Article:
Will Spurs Finish Above Manchester City and Liverpool to Finish Fourth?
As we head towards December, Spurs sit in the oxygen-thin heights of fourth, but will they last?
Is Harry Redknapp the right man for the job? Where do Spurs need to improve if they are to stay in the Champions League positions? And what would be deemed a successful season at White Hart Lane?
Can Spurs Make the Top Four?
Both Spurs and Villa are in the same boat here, in that they will only make the Promised Land that is the Champions League if Liverpool and Manchester City continue to stumble.
While Spurs do have a healthy bank balance, unlike Liverpool, it is only pocket change compared to the resources that Mark Hughes can command in Manchester. It is also worth noting that even though Liverpool’s squad is not of title winning ability, they still possess two players that would be welcome in any team in the world, and that gives them a huge advantage over their three main rivals.
Where Do Spurs Need To Improve?
Spurs will not only have to rely on other teams continuing to stumble, but Harry will also have to continue his wise buying policy. Tottenham have always been the nearly-man team of the EPL, and that has not changed since Redknapp took over. However, there has been a massive change in attitude at White Hart Lane.
Having a good attitude is half the battle for any manager, and the other half is based on whom he brings in. So far, all of Redknapp’s signings have had a positive affect on the team, but the progress is far from being enough.
The two fullback positions remain problem areas. While Benoit Assou-Ekotto must be one of the most improved players in the EPL, he is still far from being the ideal. You only have to look at the likes of Patrice Evra, Ashley Cole, Gael Clichy, and Kieran Gibbs to see the height that is expected of a top four left full.
While Vedran Corluka may be hailed as “the best full back in the world” by Slaven Bilic, his international team manager, he is far from being the finished product.
It is no wonder that Spurs have signed both Kyle Walker and Kyle Naughton for these two positions, but they are young and it is hard to see them impacting upon the team over the next two years.
Assou-Ekotto may be kept for the time being, but Corluka’s days would appear to be numbered as Spurs ramp up their interest in Manchester City’s wayward Micah Richards.
Central midfield is another area that Tottenham lack quality and competitive edge. Wilson Palacios had undoubtedly bolstered what was a very tame, soft centred team. His strength and drive make Palacios one of the standout midfielders in the EPL today, but all too often he is fighting a lone battle.
Palacios' main partners are Tom Huddlestone and Jermaine Jenas, but in truth neither have the class of ability or character to bring Spurs to the next level. For all of Huddlestone’s improvements over the last year, he is still very immobile, while Jenas has never lived up to the potential that he threatened to deliver when he first burst onto the scene with Nottingham Forest.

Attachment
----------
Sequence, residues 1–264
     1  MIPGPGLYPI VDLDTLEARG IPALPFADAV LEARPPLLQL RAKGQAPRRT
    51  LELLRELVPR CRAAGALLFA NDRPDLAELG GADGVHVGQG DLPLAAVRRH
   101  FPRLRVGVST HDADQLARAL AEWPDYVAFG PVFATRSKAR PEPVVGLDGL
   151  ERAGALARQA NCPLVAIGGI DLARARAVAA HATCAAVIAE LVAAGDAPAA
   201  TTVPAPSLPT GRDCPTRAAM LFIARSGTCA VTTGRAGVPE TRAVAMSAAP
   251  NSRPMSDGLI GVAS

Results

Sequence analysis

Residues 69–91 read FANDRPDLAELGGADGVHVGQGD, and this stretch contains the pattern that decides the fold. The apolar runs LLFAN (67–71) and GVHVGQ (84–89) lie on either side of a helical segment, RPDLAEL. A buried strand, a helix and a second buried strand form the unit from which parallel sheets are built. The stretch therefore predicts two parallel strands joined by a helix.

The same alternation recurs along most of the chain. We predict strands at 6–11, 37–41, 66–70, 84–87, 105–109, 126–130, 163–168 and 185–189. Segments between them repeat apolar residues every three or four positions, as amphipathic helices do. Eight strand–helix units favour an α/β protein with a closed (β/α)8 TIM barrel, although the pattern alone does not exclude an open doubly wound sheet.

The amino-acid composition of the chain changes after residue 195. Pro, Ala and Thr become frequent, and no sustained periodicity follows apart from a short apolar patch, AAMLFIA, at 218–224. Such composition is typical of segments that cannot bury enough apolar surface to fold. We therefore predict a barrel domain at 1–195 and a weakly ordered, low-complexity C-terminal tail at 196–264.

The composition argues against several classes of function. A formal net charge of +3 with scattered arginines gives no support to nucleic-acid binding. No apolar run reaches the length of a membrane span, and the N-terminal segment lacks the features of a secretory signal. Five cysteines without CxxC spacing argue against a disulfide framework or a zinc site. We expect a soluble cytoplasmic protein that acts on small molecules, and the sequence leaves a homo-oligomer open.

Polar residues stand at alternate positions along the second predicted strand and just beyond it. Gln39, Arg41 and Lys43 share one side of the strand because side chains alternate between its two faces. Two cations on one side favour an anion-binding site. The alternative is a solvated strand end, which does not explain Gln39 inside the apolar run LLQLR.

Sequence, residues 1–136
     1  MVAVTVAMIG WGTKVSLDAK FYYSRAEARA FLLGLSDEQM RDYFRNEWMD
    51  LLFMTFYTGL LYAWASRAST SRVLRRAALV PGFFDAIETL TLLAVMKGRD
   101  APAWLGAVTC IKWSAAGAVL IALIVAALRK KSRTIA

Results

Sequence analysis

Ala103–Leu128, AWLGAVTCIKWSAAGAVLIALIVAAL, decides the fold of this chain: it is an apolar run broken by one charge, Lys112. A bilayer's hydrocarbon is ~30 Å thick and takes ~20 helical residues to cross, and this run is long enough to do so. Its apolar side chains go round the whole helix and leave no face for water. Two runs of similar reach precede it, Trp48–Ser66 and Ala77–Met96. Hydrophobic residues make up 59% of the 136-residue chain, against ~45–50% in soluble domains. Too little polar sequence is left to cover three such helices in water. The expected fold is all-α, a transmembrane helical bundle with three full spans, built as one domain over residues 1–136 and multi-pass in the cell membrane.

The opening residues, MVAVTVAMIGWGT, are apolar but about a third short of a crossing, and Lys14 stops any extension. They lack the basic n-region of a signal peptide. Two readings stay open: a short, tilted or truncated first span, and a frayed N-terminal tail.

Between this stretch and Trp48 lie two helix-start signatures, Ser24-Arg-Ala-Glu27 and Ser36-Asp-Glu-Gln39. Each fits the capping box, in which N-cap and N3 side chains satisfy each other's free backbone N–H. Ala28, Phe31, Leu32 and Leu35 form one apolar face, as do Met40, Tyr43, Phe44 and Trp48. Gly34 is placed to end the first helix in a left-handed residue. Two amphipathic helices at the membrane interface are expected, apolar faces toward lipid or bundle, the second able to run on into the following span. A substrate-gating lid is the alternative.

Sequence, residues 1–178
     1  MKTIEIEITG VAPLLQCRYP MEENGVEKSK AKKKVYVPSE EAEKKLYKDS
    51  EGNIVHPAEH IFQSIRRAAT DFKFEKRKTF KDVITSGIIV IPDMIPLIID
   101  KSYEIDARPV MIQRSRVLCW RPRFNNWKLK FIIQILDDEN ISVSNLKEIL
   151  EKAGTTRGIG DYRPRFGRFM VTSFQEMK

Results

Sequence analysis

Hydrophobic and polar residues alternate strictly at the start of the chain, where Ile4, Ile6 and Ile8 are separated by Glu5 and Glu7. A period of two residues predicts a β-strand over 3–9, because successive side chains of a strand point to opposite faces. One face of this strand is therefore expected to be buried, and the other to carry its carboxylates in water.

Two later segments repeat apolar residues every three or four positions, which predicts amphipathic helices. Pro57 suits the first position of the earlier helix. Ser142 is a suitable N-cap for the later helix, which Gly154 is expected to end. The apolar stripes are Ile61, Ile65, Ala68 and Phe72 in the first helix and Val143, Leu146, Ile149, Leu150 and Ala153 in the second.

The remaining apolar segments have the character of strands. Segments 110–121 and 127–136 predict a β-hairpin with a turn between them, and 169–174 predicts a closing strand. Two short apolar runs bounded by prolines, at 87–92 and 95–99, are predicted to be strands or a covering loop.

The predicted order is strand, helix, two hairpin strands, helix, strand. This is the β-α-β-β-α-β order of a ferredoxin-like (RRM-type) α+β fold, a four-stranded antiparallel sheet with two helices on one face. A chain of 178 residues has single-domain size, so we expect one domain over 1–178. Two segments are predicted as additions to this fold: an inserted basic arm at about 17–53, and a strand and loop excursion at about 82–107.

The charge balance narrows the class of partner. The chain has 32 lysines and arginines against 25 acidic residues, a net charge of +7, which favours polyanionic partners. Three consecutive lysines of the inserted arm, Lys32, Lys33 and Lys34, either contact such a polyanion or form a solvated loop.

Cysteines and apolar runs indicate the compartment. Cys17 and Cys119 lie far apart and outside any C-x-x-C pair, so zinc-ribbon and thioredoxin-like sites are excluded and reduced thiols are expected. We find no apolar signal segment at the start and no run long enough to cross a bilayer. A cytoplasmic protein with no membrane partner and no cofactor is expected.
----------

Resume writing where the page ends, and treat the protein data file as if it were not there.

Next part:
Over the last couple of weeks, Tottenham have been heavily linked with a £15 million move for Brazil’s Sandro. The highly combative midfielder from Internacional has burst onto the domestic scene this season after a series of eye catching displays, so much so that Dunga has fast-tracked him into the National team for consideration as he picks his best 23 for South Africa next year.
There are, of course other areas that will need to be changed if Spurs progress any further, but these are the key areas for Tottenham regarding their challenge to the top four; obviously it will still depend on keeping the likes of Luka Modric and Aaron Lennon at White Hart Lane too.
Is Harry Redknapp the Right Manager?
At this stage of his tenure you would have to say yes.
As mentioned before, Spurs' progress has been dramatic.
While they may have always been regarded as outside contenders for a Champions League position challenge, they are now considered as being one of the main contenders to the old monopoly.
That can all be traced to one place, Harry Redknapp. He has taken on the task of changing a culture of under-achievement at Spurs, and without getting carried away; the results are there far all to see.
His simple style has been embraced by almost everyone at the club, and those who have decided to resist the culture change are being moved on.
When any manager takes over any team or organisation, the first item he must establish is the mood through out. At Spurs this was a relatively simple task for the veteran manager, but the next item on his agenda was in striving to change that mood, into one of wanting to achieve excellence.
Easier said than done in any organisation, but especially in football, where every manager is measured on the results he brings to the club, particularly when those measurements are revised every seven days, sometimes less.
Since starting his career with Bournemouth in 1984, Redknapp has shown an uncanny knack in judging player ability, but his real talent is in seeing potential.